Friday, October 1, 2010

Art of the Gesture

I've had a few opportunities as of late to model for drawing sessions doing exclusively gesture poses. I discussed gesture poses briefly in a recent entry, but I'll go into more detail here. I'm writing this with sketching in mind, but much of what I say here can be generalized to photography, as well.

The intent behind gesture drawings is to capture the essence of the pose- the basic lines, form, and movement. To aid artists in doing this, I try to make my poses coherent, with everything from weight distribution to limb placement, working together to form a single, unified gesture. Oftentimes, I have a mood or emotion in mind for a given pose.

Because gesture poses tend to be more strenuous than longer poses one may hold, I try to rotate through which limb is being strained. I shift the bulk of my weight from one leg to the other. If I've had an arm stretched out in to space or supporting weight, I generally let it rest in a more relaxed position for the next pose. If I arch dramatically back for one pose, I'll leave my torso in a more neutral position, or else curled forward in the next pose. By the end of a run of gestures, I'm generally aching fairly evenly all over.

I take the time in one pose to scheme for the next one. I start with a general idea of what I'd like to do, then refine it. Are all of the various pieces working together? Am I going to be stressing a limb which is already burning? Is the pose adequately different from those that I've already struck? How will I rotate, to maximize both variety and favorable angle for the artist(s) who are working? By taking the time to consider all of these factors, I can quickly move from one well-executed pose to another.

If there's interest, I'll shoot a series of self-portraits of a few gesture poses, and go into further detail on each pose. Of course, feedback or additional suggestions are always welcome.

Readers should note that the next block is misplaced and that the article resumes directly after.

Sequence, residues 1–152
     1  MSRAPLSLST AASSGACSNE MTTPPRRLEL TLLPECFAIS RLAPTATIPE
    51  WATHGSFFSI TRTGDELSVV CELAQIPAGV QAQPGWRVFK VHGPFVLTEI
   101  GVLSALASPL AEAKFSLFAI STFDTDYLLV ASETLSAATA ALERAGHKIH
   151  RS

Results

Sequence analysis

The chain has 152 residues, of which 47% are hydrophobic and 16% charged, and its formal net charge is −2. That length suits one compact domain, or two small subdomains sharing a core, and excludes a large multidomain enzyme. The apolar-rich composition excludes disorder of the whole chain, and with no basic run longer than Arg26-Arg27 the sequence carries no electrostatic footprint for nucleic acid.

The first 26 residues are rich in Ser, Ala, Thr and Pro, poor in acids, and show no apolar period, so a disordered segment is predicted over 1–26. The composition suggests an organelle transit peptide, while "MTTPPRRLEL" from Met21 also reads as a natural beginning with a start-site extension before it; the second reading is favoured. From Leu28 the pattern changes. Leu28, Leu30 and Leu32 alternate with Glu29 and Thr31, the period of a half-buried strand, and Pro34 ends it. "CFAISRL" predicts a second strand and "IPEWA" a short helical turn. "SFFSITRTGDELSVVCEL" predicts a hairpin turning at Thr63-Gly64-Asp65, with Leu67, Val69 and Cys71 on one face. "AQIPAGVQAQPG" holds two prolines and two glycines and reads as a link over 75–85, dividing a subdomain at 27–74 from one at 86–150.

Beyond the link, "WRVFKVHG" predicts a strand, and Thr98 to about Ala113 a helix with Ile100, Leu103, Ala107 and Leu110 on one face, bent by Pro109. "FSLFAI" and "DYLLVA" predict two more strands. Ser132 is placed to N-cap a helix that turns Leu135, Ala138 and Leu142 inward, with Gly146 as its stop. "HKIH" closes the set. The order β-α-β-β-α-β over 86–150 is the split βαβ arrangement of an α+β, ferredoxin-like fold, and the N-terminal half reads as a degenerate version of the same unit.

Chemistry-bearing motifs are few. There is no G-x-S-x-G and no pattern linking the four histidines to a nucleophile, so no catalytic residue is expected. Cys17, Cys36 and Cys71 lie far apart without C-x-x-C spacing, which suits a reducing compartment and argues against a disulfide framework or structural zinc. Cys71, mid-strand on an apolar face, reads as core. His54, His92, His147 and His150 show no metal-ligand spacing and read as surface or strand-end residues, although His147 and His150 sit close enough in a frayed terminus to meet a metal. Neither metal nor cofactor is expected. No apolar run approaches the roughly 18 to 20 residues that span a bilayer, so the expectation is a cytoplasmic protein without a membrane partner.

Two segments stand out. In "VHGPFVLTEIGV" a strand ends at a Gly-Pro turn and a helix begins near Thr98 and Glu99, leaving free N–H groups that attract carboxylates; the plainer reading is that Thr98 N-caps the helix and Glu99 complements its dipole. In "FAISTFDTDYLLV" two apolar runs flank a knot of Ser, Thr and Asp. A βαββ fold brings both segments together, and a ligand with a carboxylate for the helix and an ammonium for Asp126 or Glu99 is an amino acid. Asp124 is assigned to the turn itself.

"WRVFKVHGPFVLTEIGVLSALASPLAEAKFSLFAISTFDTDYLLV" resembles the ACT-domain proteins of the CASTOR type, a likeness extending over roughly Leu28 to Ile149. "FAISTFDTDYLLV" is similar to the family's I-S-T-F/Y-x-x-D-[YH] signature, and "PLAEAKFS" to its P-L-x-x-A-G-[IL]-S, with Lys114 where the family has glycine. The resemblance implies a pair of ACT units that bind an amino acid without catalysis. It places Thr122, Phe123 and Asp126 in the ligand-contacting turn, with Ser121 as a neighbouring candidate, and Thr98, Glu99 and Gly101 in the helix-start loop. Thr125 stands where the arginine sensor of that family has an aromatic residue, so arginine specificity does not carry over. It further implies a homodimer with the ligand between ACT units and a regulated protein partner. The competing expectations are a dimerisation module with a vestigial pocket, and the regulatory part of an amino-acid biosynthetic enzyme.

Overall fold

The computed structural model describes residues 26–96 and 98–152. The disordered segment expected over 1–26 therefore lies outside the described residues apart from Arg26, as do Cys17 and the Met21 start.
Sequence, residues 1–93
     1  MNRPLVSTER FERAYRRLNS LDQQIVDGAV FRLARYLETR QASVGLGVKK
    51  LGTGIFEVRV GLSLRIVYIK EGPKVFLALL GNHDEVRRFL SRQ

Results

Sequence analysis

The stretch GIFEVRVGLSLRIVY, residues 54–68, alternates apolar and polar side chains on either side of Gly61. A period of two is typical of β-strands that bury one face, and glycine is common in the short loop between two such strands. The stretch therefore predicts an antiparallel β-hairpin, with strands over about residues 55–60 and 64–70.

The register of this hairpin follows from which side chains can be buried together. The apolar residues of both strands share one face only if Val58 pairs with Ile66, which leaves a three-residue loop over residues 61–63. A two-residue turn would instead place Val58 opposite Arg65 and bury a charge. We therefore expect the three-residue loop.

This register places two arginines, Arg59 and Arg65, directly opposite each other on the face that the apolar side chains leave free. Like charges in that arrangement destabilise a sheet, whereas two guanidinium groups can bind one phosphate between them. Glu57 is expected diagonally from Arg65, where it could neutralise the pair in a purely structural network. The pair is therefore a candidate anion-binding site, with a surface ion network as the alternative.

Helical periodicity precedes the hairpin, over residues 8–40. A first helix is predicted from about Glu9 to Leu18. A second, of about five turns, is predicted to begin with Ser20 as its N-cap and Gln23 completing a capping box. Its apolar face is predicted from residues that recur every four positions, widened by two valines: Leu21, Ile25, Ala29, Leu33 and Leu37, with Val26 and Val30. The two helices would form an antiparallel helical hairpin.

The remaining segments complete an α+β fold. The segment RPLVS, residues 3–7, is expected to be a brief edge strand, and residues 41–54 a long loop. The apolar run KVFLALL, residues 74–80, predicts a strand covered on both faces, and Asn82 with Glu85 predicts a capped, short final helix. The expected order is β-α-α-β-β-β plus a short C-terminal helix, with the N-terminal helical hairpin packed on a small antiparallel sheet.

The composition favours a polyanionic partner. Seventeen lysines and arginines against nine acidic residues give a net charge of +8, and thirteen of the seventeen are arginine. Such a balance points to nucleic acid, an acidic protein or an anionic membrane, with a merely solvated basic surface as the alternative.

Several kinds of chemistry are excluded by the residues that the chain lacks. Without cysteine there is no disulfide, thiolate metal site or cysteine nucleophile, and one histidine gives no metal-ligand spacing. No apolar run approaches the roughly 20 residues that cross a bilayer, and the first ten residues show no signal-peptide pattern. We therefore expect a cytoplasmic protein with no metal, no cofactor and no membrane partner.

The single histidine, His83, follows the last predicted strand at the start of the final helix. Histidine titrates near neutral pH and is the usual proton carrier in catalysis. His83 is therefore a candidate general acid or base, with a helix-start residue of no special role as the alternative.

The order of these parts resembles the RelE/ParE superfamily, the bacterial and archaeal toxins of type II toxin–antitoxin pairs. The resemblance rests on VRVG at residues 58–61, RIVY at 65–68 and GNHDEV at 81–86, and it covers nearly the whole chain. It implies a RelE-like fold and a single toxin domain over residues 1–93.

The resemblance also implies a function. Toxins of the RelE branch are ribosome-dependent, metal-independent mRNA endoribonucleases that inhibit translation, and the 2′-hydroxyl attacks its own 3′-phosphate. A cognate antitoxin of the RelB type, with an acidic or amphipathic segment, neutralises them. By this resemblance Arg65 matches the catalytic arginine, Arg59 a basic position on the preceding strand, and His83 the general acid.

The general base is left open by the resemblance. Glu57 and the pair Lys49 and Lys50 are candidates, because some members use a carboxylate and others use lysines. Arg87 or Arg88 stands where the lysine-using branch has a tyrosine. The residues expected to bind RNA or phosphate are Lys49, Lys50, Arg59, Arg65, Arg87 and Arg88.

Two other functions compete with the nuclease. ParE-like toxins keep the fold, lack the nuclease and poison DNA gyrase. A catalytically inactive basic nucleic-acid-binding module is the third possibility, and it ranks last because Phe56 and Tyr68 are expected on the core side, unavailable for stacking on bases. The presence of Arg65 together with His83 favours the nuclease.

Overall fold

4 comments:

  1. I've done the "all gesture" sessions before. Fun because you can do things you'd never dream of doing for 30, 20 or even 10 minutes. Not so fun because it's a constant mental scramble thinking... okay, what should I do next? Post some self-pics if you choose, I'd love to see them if only to get some new ideas.

    Cheers,
    Bob

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  2. I have put modeling on hold for sometime, and miss it dearly, but I would love to see more detail on gesture poses. I hope when I have established myself enough on my writing I can continue to sitting for artists and photographers again.

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  3. Over the past two years or so, I've been modeling for the Salt Lake Art Institute and the instructor really pushes gesture poses, which I love. He starts each 4-hour class with a session consisting of 20 30-second gestures followed by 10 1-minute gestures, then the next session is 10 2-minute gestures. Each session goes with longer and longer poses, often ending with a 20 to 40 minute pose. I really love these classes and especially the short gestures.

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  4. Kari,

    I just discovered your blog through your link on Model Mayhem. I wish I had seen it years ago because your advice and observations are priceless. I've been working as an art model for several years now and I had to figure out this stuff for myself. Thanks. ArtModel303

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